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Pediatric Henoch-Schonlein Purpura

Key points about Henoch-Schönlein purpura (HSP)

  • Henoch-Schönlein purpura (HSP) is a condition that involves swelling (inflammation) of small blood vessels.
  • The swollen blood vessels leak into the skin, joints, intestines and kidneys.
  • It is seen most often in children between the ages of two and six. It occurs more often in boys.
  • HSP is an autoimmune disease that is often triggered by an upper respiratory infection.
  • Symptoms include a rash caused by bleeding under the skin, arthritis, belly pain and kidney disease.
  • Most children recover fully. But some children may have kidney problems.
  • What is Henoch-Schönlein purpura?
  • What causes Henoch-Schönlein purpura in children?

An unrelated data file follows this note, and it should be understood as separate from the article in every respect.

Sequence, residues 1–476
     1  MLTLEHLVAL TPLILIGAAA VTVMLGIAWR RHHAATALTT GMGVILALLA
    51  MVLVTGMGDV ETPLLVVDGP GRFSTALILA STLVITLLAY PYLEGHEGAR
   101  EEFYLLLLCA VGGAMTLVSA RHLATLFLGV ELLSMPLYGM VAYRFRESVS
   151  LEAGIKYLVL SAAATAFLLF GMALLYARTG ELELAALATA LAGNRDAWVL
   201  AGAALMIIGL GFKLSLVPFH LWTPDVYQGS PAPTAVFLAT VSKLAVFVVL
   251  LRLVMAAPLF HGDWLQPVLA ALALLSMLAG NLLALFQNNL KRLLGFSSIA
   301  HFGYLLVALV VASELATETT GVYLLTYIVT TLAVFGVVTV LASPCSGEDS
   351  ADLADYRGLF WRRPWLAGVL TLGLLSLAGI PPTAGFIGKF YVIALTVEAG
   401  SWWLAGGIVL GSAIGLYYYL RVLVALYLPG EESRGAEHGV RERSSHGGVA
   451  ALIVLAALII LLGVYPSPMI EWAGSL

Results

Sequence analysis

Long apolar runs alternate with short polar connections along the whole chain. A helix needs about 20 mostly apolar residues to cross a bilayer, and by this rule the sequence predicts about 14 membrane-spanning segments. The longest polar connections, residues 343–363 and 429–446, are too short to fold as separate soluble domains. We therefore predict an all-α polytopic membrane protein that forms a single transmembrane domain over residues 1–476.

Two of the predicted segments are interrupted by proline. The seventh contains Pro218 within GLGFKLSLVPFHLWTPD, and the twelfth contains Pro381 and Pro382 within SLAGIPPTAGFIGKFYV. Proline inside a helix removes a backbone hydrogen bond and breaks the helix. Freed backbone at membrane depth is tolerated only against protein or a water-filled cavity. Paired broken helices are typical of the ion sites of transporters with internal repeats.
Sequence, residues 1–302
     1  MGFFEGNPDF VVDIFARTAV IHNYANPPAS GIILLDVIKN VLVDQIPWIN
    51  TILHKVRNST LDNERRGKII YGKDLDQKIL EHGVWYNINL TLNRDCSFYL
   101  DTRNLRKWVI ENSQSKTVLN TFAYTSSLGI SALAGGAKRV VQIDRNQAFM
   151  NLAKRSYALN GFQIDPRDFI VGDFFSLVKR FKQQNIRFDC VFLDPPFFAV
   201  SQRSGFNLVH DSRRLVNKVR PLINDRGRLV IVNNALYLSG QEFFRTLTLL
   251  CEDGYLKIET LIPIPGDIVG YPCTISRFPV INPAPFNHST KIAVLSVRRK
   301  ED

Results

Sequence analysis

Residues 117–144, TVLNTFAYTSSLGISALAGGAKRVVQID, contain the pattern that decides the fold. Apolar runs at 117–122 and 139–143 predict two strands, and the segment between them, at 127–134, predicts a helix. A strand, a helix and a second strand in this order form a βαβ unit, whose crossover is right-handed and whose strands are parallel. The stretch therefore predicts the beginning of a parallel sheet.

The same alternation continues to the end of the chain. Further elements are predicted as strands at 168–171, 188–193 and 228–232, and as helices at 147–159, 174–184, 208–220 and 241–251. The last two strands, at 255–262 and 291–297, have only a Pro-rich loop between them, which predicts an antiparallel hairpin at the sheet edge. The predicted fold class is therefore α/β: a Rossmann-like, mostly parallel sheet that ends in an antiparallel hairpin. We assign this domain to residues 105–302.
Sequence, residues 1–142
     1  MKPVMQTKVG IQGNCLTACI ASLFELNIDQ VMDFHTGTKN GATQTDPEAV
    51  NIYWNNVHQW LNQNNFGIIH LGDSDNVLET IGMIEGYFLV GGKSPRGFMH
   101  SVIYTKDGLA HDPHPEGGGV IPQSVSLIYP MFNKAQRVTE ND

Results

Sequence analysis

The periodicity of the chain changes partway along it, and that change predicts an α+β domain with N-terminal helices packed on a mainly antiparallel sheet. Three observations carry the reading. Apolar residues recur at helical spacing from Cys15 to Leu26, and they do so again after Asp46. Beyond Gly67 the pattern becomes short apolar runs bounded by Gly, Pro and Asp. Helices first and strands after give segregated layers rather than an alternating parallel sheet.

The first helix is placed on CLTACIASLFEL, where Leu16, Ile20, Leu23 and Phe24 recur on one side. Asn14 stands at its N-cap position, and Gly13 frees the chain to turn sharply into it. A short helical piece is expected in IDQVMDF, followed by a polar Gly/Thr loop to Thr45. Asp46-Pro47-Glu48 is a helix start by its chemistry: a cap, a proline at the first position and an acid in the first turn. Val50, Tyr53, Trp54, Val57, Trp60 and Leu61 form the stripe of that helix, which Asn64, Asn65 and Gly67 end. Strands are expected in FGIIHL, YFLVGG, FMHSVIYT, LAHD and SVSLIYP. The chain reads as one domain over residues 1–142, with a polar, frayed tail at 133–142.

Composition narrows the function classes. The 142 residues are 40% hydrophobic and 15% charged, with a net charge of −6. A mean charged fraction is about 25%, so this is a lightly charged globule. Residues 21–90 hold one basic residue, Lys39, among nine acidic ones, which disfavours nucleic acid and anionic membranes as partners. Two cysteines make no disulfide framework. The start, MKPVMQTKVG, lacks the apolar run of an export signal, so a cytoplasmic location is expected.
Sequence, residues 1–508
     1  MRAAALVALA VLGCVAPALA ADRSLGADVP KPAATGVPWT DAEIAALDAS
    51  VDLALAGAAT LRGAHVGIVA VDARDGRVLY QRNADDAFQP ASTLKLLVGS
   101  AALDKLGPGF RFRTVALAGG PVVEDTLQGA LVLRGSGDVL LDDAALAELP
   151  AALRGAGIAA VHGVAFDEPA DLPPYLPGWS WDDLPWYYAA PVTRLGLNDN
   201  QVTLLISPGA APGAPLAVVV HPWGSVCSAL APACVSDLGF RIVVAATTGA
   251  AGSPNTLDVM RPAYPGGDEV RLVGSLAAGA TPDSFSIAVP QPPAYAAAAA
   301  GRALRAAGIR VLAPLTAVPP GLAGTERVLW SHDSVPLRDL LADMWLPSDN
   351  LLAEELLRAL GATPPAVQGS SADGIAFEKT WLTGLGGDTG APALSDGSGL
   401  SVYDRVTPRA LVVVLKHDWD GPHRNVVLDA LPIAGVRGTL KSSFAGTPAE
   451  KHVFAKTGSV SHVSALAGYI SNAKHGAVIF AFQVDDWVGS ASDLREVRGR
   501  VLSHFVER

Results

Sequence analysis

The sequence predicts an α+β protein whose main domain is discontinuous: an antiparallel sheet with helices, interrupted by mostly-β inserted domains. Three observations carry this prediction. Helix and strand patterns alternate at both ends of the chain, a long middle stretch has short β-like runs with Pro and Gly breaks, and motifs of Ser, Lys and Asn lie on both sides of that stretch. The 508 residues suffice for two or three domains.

• What are the symptoms of Henoch-Schönlein purpura in children?
  • How is Henoch-Schönlein purpura diagnosed in children?
  • How is Henoch-Schönlein purpura treated in children?
  • What are the complications of Henoch-Schönlein purpura in children?
  • When should I call my child’s health care provider?
Children's Team

Children's Team

Providers

Matthew Oetgen

Matthew Oetgen

Division Chief, Orthopaedic Surgery and Sports Medicine
Departments

Departments

Rheumatology

The Division of Rheumatology aims to improve the health and quality of life for children with rheumatic diseases and musculoskeletal disorders through comprehensive, patient-focused care, including testing, treatment, and patient and family education programs.

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